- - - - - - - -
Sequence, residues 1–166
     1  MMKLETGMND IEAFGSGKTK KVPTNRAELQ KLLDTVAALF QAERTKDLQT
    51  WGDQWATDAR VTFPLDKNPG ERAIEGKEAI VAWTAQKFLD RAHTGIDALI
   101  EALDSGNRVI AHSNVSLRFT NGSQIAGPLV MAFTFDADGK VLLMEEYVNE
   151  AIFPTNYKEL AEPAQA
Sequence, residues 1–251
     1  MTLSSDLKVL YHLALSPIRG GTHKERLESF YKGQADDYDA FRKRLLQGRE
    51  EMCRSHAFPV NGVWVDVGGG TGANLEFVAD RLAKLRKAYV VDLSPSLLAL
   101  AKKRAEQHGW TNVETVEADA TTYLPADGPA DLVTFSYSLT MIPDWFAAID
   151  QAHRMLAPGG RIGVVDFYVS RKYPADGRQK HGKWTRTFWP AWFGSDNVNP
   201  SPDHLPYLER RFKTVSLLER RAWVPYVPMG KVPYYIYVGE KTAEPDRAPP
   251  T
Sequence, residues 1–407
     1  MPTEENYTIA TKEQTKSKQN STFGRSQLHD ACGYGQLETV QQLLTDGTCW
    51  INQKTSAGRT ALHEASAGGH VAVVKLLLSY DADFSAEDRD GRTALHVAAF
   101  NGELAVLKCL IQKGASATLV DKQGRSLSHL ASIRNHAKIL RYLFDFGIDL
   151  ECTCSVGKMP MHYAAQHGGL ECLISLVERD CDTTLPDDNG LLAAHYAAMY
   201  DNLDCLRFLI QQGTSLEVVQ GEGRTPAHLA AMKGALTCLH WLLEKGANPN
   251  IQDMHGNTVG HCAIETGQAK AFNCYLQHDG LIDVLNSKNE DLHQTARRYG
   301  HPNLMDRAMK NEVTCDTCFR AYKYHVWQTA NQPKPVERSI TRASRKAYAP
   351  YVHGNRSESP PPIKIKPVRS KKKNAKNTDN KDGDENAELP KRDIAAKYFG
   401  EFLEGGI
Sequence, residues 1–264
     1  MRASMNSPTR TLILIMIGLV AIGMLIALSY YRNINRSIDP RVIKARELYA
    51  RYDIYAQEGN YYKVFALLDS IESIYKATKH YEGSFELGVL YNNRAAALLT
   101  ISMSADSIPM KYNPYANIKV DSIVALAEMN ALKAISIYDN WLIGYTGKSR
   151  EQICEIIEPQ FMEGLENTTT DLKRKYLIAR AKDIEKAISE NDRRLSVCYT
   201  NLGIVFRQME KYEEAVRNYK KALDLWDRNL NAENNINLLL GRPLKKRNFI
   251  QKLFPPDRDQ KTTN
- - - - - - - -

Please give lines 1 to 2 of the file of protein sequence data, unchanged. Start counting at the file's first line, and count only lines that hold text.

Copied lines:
Sequence, residues 1–166
     1  MMKLETGMND IEAFGSGKTK KVPTNRAELQ KLLDTVAALF QAERTKDLQT